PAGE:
The purpose of this study was to examine the extent to which fundamental movement skills and physical fitness scores assessed in early adolescence predict self-reported physical activity assessed 6 years later. The sample comprised 333 (200 girls, 133 boys; M age = 12.41) students. The effects of previous physical activity, sex, and body mass index (BMI) were controlled in the main analyses. Adolescents' fundamental movement skills, physical fitness, self-report physical activity, and BMI were collected at baseline, and their self-report energy expenditure (metabolic equivalents: METs) and intensity of physical activity were collected using the International Physical Activity Questionnaire 6 years later. Results showed that fundamental movement skills predicted METs, light, moderate, and vigorous intensity physical activity levels, whereas fitness predicted METs, moderate, and vigorous physical activity levels. Hierarchical regression analyses also showed that after controlling for previous levels of physical activity, sex, and BMI, the size of the effect of fundamental movement skills and physical fitness on energy expenditure and physical activity intensity was moderate (R(2) change between 0.06 and 0.15), with the effect being stronger for high intensity physical activity.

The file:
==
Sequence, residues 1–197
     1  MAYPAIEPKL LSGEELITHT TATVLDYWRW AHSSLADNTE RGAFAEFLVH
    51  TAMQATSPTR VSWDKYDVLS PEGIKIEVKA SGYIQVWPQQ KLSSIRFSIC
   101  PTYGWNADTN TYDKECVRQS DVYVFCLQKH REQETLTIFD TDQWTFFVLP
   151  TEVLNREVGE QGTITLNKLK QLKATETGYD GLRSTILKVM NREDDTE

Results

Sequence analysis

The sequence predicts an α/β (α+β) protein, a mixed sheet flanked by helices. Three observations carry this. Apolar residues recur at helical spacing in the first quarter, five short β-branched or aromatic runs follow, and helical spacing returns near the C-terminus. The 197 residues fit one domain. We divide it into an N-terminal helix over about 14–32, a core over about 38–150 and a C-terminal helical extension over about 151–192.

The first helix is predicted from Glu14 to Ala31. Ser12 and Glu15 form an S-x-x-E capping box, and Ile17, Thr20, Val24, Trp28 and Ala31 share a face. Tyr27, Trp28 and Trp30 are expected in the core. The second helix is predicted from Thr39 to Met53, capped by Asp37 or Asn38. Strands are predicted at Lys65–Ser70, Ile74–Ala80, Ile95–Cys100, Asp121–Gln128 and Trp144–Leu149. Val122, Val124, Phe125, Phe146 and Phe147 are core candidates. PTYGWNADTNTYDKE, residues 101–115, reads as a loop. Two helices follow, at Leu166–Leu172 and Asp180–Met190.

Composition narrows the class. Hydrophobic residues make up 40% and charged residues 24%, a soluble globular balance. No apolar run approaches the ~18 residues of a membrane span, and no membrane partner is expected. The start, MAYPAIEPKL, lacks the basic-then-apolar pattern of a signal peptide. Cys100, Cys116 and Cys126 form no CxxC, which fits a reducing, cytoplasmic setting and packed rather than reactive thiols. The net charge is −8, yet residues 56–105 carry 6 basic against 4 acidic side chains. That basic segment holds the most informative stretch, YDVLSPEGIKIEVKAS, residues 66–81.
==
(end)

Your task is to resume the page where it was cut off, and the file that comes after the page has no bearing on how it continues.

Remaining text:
Keywords: Physical activity; adolescence; fundamental movement skills; physical fitness.
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